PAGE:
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Cancer death rates down but racial disparities persist among Black men and women

Cancer death rates down but racial disparities persist among Black men and women

Black men and women are more likely to die from prostate, uterine and breast cancer compared to other races, according to new data from the American Cancer Society.

That’s despite vast improvements in cancer death rates overall in the United States. Rates of cancer deaths have declined by 33% overall since 1991, according to the group’s annual report on cancer trends. The analysis projects that 609,820 people will die from cancer in 2023.

Advancements have been made to raise public awareness about the importance of cancer screening and make healthcare resources more readily available to under-represented populations in the U.S., according to the report. However, racial disparities still persist despite these advancements.

Gaps in survival are particularly notable for prostate cancer. The death rate for prostate cancer among Black men was two to three times higher than those in every other racial group, according to the new report.

“Disparities are profound,” said Dr. Karen Knudsen, chief executive officer at the American Cancer Society, at a press briefing today.

PHOTO: Closeup of a hand of a hospital patient.
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Experts say the reasoning behind those disparities isn’t entirely clear. “A higher incidence of genetic changes associated with more aggressive disease may be one cause. However, other causes—such as reduced access to healthcare and higher uninsured rates—are equally important,” said Dr. Paul Corn, interim chair of genitourinary medical oncology at The University of Texas MD Anderson Cancer Center.

Overall, prostate cancer is the second leading cause of cancer death in men. Since 2014, rates have increased by 3% per year after two decades of decline. This means 99,000 more cases of prostate cancer are being diagnosed compared to what would be expected if the number of cases remained stable.

In addition, doctors are catching cases of prostate cancer at more advanced stages, making them harder to treat. “We are not catching these cancers early enough to have an opportunity to cure men of prostate cancer,” Knudsen said.

Racial disparities are also pronounced in breast and uterine cancer. Black women are 40% more likely to die from breast cancer than white women, and have the highest death rates from uterine cancer, according to the recently released report. These rates persist even though Black women have a lower likelihood of being diagnosed with uterine cancer, and a 4% lower breast cancer incidence compared to white women.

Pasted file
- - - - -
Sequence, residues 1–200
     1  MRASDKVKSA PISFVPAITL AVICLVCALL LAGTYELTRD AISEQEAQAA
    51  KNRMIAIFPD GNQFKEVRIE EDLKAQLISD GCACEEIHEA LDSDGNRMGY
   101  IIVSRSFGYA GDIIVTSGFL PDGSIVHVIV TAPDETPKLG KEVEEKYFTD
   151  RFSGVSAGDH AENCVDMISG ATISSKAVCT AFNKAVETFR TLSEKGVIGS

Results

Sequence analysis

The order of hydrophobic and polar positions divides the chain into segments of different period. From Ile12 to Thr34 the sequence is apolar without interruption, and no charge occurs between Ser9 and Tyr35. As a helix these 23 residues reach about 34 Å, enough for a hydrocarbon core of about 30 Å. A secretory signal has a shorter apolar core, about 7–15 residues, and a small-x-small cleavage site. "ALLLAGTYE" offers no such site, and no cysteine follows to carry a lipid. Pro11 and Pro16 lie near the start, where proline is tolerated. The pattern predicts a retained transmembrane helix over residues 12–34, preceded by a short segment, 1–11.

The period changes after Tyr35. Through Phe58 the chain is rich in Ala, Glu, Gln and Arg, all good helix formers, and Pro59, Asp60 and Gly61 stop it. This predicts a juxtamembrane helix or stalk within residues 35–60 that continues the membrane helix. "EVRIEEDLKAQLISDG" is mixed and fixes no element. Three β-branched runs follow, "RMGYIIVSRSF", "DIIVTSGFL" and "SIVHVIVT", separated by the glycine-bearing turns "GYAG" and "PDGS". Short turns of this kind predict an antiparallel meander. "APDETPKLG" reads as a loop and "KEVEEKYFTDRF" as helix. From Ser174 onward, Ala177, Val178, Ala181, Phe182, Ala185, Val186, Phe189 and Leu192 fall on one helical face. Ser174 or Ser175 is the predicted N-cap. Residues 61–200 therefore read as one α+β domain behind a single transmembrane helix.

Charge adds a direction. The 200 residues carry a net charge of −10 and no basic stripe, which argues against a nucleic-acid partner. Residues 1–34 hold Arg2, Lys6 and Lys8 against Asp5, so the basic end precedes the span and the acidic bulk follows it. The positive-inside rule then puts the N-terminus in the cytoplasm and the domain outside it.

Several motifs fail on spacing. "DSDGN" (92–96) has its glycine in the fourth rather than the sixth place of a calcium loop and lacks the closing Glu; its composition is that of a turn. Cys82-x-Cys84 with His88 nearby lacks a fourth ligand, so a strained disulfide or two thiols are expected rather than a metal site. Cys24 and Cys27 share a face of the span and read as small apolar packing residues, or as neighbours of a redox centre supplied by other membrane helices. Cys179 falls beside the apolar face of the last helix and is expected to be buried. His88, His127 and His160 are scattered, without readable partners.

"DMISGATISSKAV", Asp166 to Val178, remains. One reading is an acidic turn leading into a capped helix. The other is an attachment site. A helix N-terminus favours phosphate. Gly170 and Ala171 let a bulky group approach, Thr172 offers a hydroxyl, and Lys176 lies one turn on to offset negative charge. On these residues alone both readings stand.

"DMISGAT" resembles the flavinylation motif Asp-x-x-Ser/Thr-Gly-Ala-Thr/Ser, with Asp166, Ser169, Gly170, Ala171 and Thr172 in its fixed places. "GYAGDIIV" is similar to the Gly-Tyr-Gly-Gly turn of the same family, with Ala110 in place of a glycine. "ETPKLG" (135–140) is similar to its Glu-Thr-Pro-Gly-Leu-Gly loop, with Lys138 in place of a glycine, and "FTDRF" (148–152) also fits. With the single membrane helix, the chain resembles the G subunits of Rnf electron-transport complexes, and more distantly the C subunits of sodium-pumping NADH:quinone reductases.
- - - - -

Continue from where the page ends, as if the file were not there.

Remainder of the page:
PHOTO: Son holding father's hand at the hospital
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There has been limited success in development treatment strategies to improve life expectancy for women with uterine cancer, which ranks 24th in National Cancer Institute research funding. The new report highlights the importance of directing more resources to uterine cancer research, said Dr. Jolyn Taylor, assistant professor of Gynecologic Oncology at The University of Texas MD Anderson Cancer Center.

Still, there’s been major progress in addressing other types of cancer. There was a 65% decrease in cervical cancer rates in women between 2012 and 2019, according to the report, which shows the impact of the HPV vaccine. That vaccination can prevent cancers caused by the HPV virus, which includes cervical cancer.

The American Cancer Society also says it’s taking steps to tackle rising rates of prostate cancer. Today the organization announced the launch of an initiative called IMPACT — Improving Mortality from Prostate Cancer Together. The initiative will include research, patient support, and advocacy programs, according to a statement. The organization aims to “reduce death rates from prostate cancer in all demographics and disparities for Black men by 2035,” Knudsen said in the statement.

Jennifer Miao, MD, is a fellow physician in cardiology at Yale School of Medicine/Yale New Haven Hospital and a member of the ABC News Medical Unit.